(Read more about my trip to Kenya at Smiling my way across Kenya, Still a Sunrise?Replacing me with … and  Happy Peace Day, Chinese Person in Tent Number 59)

Greener Grass

I’ve never liked the expression “watch what you wish for”. I think it discourages dreaming, and pushes people to settle for what is, rather than encouraging them to make positive changes in their lives. It feeds that innate fear that anything we do will make matters worse.

Gathering vibes 1But there is a reason that we share this collective fear. Often we idolize what we want and once we do get it, the reality falls short of the the dream. It still may be an improvement over what we had, and it might even be a big improvement. It’s just not perfect. It doesn’t make us perfect. It doesn’t make everyone around us perfect. So another dream looms. A different job, a new lover, another town, or maybe better friends. The tough part is figuring out when it’s time to stop chasing perfection and embrace the life you are living.

Do this too easily, and you are settling for less than you should.  Never accept anything other than perfection, and you have chained yourself to a life of discontent. This living life well shit is so damn difficult, isn’t it?

Obviously this little tirade is based on my current situation. I recently quit my job and moved across country, to live in the mountains. I’m off a dirt road, surrounded by beauty, fresh air and all the time in the world to write. It was supposed to be perfect. Unfortunately, I really wanted to move to the Rockies. My life partner wanted to go the the east coast. We wanted to be together, so, we moved to the Appalachians.

There are trees everywhere. So many of them that you can’t tell where you are. It’s not quiet. This damn place is full of something called cicadas and they make a shrill racket worse than any city noise I’ve ever heard. I’m hoping I can write here, but I wouldn’t know because after two months I am still unpacking. This is not what I had planned. It is not perfect.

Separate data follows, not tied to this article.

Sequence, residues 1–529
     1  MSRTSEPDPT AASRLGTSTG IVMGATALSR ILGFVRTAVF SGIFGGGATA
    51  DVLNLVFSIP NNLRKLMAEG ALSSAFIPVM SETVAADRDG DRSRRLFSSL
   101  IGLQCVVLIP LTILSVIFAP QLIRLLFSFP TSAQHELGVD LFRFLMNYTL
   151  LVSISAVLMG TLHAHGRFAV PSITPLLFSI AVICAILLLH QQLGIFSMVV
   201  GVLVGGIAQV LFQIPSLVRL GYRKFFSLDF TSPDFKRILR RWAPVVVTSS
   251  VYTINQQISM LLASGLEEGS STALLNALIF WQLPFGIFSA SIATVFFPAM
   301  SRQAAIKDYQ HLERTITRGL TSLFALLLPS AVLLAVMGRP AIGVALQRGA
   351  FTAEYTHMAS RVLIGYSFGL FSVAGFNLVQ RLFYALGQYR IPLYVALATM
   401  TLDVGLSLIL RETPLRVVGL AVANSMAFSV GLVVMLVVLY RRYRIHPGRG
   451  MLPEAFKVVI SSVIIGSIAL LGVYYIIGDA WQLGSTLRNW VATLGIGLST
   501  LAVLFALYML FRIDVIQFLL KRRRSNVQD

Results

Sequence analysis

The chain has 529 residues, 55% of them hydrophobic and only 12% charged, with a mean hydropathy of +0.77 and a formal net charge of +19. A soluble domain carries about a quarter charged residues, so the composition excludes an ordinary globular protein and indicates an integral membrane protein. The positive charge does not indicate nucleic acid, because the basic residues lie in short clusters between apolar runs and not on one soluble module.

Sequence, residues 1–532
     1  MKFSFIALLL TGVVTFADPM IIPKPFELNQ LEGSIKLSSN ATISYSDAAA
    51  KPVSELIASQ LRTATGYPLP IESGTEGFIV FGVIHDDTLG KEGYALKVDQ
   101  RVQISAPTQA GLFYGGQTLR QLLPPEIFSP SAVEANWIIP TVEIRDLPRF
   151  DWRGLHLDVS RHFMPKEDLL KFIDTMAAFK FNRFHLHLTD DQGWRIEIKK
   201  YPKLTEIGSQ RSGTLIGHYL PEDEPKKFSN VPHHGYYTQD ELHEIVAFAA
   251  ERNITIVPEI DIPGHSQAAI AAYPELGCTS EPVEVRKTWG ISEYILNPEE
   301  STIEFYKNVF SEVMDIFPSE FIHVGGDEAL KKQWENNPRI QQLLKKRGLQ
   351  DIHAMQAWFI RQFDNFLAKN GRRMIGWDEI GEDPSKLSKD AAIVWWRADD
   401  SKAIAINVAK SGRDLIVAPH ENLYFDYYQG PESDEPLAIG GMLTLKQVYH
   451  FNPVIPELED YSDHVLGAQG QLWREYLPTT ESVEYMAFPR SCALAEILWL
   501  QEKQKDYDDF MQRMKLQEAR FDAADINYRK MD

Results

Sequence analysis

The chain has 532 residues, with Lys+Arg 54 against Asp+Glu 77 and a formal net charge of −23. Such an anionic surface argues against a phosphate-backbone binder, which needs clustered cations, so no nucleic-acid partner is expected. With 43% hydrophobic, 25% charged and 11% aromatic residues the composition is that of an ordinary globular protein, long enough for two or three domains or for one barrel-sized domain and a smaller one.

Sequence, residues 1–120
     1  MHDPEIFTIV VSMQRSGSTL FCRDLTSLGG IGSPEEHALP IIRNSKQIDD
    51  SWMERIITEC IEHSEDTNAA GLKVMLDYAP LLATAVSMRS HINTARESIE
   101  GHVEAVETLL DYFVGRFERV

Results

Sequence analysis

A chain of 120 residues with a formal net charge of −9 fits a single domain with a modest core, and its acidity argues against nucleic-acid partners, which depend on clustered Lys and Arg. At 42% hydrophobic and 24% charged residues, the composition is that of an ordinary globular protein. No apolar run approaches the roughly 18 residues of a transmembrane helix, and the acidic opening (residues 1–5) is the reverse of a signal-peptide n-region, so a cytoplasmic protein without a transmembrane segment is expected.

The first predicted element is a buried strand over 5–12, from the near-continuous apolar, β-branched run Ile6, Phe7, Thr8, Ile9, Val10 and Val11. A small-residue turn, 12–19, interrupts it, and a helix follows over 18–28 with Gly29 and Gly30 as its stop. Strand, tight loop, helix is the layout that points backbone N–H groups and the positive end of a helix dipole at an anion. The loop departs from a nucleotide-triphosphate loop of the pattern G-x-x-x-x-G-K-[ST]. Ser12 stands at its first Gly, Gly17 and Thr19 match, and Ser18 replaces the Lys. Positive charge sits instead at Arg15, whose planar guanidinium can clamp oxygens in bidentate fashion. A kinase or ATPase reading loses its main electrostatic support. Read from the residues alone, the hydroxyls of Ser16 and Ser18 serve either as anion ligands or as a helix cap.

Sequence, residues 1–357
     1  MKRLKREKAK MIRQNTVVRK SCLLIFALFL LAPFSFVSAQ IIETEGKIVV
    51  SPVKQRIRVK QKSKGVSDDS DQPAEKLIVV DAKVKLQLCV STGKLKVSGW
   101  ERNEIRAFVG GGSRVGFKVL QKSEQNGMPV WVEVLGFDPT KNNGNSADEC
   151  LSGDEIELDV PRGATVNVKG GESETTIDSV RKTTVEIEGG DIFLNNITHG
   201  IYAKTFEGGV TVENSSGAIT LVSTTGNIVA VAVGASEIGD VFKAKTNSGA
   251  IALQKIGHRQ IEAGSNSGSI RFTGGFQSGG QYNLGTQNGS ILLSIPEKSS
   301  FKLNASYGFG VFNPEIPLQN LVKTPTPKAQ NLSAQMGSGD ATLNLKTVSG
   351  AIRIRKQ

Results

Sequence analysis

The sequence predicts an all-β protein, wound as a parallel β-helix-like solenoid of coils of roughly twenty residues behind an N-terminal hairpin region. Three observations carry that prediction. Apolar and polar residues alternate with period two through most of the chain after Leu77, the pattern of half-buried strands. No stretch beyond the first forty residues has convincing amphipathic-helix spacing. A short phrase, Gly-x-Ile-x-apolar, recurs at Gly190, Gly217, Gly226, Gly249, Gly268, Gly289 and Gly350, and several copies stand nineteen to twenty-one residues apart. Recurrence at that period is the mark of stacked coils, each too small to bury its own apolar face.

Pick up and move again? Difficult and very expensive, but possible. Or try learning to love this new home?

Yesterday, I learned how to use a chain saw.  It’s not complicated, but it takes a little confidence with power tools that I needed to gain. Point forward,  I’m going to take down one tree every week until I can see out in at least one direction. I like trees. But I figure that there will still be four million of them within my view, so I’m not exactly affecting the amount of oxygen on this planet.

grassI’ve also discovered that cicadas die off at the end of summer and the really good news is that summer ends here in September like it should. So there is hope for quiet. As to the writing? The stories are starting to form in my head again, in spite of the time I am spending unpacking. They’ll want to be put on paper soon.

They say the grass is always greener on the other side of the fence. Here in my new home, the grass is actually greenest right above our septic system. I’m not sure exactly what that proves, but I think I’ll stay put for now and try to figure it out.

(For more thoughts on making major life changes see my blog posts Wise and Quiet, Am I a Shape Shifter Now? and If You’re Going to be an Old Car.)